An 'On the Road' Literary Analysis

The Plot & Characters

             “On the Road” is the nomadic journey of two young and spirited individuals in the prime of their life, seeking liberation in an attempt to push the “American Dream” to its very limits. Loosely based off of Kerouac’s life travels through America, “On the Road” follows Kerouac’s triumphs, struggles, and personal development as he travels along the renowned Route 66 with a few of his fellow companions, most notably, Neal Cassady. Kerouac takes on the form of, Salvatore Paradise, a writer whose struggle is similar to that of a caged canary, until the day a door is finally opened by a “cut-loose” rebel from the West Coast. Unlike Kerouac, his “partner in crime”, Neal Cassady, is portrayed as the voluptuously flamboyant Dean Moriarty. As fate would have it, Dean had just been released from prison and made the immediate decision to transition from the West Coast, along with his loving wife, Marylou, to Sal’s location on the East Coast. In order to make New York City their new home, Dean expressed an interest in literature by mailing his descriptive prison letters to a close “one-time” friend named Chad King. In an attempt to re-affiliate himself with Dean, Chad hooks him up with one of the only writers he knows, Sal. Intrigued by Dean’s letters, Sal is soon confronted by Dean for the first time and they discover a mutually shared understanding of one another. This meeting is the start of a friendship that pulls both Sal and Dean, back and forth from both sides of the country. It’s their lack of accomplishment in life that induces them to aspire to the one common goal that draws them together; the ambition of progression.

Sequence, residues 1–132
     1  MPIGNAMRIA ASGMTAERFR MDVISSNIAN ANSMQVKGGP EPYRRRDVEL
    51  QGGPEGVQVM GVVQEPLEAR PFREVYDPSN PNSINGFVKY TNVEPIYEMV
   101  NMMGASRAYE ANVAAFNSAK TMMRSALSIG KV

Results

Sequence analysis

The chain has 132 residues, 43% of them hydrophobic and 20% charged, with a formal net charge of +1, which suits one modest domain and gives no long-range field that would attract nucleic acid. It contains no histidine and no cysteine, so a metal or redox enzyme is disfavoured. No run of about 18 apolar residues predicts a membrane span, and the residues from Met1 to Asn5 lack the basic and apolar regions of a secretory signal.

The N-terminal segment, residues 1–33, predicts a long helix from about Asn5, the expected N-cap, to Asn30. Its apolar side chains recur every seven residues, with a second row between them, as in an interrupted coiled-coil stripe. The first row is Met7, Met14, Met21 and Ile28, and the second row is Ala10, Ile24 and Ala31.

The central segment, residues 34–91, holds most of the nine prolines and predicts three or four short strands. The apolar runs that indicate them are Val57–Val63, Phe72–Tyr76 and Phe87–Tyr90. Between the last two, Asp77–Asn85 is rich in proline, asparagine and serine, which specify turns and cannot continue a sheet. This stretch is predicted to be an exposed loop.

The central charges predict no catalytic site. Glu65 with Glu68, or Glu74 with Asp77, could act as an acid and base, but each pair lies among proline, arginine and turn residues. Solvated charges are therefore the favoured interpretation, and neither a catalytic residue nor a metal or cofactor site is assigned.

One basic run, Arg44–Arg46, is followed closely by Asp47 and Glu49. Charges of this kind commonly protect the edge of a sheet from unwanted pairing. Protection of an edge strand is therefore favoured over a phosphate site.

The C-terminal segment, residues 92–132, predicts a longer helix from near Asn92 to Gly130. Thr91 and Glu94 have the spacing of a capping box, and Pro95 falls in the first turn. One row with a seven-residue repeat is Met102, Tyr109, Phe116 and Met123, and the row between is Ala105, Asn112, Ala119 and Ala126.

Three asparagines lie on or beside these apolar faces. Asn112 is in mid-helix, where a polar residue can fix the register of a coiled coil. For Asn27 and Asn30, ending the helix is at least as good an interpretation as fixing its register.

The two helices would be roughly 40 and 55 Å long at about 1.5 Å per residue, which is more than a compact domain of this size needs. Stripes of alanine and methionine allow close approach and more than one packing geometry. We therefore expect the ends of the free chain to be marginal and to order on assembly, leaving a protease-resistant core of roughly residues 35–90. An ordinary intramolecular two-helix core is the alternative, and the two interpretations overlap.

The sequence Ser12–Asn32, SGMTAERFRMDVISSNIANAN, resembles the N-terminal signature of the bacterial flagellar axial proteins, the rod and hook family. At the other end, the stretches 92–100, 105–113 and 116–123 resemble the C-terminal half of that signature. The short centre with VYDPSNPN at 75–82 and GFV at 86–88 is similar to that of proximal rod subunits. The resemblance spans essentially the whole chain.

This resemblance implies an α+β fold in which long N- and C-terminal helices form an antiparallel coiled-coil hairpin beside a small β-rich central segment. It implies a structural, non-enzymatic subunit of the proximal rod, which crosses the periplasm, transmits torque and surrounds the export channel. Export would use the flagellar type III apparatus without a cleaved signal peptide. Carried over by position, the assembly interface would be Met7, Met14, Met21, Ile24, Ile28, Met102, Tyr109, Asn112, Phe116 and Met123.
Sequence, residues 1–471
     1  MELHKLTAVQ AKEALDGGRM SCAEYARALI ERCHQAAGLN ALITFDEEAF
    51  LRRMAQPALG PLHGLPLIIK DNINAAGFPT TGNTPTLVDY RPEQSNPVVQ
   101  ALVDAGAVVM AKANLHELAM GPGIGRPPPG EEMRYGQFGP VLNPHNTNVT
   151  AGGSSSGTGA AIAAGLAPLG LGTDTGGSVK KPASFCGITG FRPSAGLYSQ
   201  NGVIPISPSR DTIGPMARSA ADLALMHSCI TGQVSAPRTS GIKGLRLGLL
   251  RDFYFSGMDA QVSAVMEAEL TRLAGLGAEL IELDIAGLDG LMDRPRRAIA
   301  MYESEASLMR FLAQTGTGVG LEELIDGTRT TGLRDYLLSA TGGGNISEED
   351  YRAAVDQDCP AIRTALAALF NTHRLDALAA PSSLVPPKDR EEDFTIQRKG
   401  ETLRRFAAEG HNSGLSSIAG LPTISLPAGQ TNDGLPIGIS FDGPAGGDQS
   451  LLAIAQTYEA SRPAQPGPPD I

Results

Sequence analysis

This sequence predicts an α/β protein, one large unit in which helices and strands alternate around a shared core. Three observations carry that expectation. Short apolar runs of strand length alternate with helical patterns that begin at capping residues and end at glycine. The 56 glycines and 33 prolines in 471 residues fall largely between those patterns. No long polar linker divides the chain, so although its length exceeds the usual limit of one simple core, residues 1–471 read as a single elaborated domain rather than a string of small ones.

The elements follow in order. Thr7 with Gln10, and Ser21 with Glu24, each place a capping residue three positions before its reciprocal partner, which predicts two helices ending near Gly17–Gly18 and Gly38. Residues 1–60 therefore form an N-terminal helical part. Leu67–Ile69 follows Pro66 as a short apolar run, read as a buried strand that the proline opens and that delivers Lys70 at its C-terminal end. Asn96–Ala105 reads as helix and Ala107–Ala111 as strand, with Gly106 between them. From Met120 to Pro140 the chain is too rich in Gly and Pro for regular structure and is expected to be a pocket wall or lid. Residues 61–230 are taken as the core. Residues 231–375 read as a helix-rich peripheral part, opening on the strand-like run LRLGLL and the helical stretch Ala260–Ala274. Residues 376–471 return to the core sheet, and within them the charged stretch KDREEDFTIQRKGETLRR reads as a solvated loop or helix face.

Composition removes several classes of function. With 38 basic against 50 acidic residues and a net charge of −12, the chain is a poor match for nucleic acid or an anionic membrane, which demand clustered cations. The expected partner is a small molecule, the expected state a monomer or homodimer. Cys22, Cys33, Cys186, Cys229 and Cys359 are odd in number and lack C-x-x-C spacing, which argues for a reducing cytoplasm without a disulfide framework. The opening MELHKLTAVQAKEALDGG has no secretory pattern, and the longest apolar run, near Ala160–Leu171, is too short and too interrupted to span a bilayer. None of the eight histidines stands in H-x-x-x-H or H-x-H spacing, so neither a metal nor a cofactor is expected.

From the rugged and ruthless wilderness to the harsh and unforgiving urban environment, all forms of land are grouted as one by the baron wastelands and mountain tops that tower the open skies. From his first travel to San Francisco, the introverted main character Sal is mesmerized by the landscapes and describes them with precise, intricate detail; however, over time, Sal’s perception of America changes during his travels. His initial observations of America dwindle from a grand and euphoric world of wonder to a much more contemplative and somewhat philosophical form of thought. For example, instead of describing the intricate details of the Mississippi River, or the Mississippi hills, Sal begins to look at the “bigger picture.” He begins to ask questions in the form of “what is”, or “what are.” These questions are more perplexed, more seemingly simplistic; However, they foreshadow the kind of “spiritual awakening” Sal believes he encounters amongst his final visit to San Francisco.


           One such theme promoted often in Kerouac’s novel is Sal’s variety of descriptions that are used to epitomize a person’s values, or even their appearance, based on the state or country that they came from. For example, Dean came from the West Coast and to Sal he was a representation of that culture because of his “passionate, young, exuberant, and wild” mindset. On the other hand, Sal believed he was a “saint-like figure from the West who lived his life with no regrets”. One might call this stereotyping; however, another may just call it a “cultural observation.” This notion can be considered as justifiable, since both Sal and Dean constantly try to weave themselves into a variety of different cultures and with a “palate” of people of different ethnicities. Since this was the 1950’s, racism and segregation were more than just a “social norm”, they were government influenced.